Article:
Running a startup is not like running a large team at a large organization. The leadership skills required are completely different. The vast majority of startups that fail with a veteran from a large company is because of this. Startups can’t be run like mini-versions of large companies. The focus has to be about taking products to the market & validating the business model. People from large companies seem to lack this skill completely. When you move from a large company to a startup you quickly realise how much of stuff was sorted out before it landed on your lap. Sadly, some people never learn. With higher experience, people tend to become opinionated and less malleable. Their worldview gets fixed. When they land up in a startup, they keep trying to replicate their success using large company techniques and the result is always a catastrophe.

Sign 9: It is not me, its the <whatever you fancy>

The assessment of the market, the approach, the pivots — everything is simply a function of the team and the board.

Startups supposedly fail due to the following reasons:

Lack of Product-market fitTough market situationsBad chemistry in the team

All of the above is simply a function of the people’s inability to understand and adapt to the above. These are the expected challenges. Doing the wrong thing when we encounter them is a sign that we have consistently failed to lead or interpret the signs.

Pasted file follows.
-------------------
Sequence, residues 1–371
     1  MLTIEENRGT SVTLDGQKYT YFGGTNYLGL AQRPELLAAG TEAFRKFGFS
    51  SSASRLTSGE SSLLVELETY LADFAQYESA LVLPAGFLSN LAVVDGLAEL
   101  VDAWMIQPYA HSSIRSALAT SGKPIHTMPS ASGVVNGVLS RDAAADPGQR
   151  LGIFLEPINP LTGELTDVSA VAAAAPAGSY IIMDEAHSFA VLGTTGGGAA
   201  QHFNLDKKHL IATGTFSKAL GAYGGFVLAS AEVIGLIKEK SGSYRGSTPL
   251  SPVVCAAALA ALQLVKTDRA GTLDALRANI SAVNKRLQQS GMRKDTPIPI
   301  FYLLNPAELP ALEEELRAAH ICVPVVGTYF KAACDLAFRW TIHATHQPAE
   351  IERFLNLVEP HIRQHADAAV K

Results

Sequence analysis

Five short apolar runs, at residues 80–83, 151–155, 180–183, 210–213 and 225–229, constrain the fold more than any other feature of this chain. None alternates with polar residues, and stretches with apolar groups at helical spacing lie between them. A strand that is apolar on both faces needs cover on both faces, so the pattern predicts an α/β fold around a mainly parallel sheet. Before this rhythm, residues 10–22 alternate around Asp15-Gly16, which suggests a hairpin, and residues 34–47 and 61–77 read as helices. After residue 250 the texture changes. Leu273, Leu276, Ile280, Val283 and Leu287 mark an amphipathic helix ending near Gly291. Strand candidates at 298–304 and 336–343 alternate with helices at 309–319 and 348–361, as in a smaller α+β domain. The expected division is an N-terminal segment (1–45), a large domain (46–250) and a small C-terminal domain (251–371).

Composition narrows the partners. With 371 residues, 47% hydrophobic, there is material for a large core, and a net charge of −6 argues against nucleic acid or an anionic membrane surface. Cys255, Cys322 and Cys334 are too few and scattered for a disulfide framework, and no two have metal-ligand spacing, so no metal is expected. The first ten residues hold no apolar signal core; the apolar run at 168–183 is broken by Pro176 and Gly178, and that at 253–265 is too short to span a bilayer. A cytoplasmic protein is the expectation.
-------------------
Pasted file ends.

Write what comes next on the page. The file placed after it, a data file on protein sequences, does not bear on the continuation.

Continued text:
Sign 10: I will build everything my customer asks for

This is the last one because you have solved the biggest challenge of getting your first customer. Now you have a new problem, you are saying yes to everything your customer is asking for. This means you don’t have a roadmap — your customer is simply asking for stuff because they feel entitled to it. It’s dangerous because customers don’t always know how to ask for stuff, they come with solution requests, not problems. That’s a red flag.

Don’t convince yourself that it is a strategic move and that you can course-correct later. Saying yes without reason is a habit you will never be able to break out of.

Soon you will find yourself doing the same thing for every customer and then you no longer have a product. It is important to please & retain your customers. However, you should be driving the roadmap else you risk making a mess of your product.

I want to wrap up by saying, not all problems present themselves with a sign-board. Sometimes they manifest themselves as organisations where it is impossible to move fast and adapt to changes.

Photo by Jp Valery on Unsplash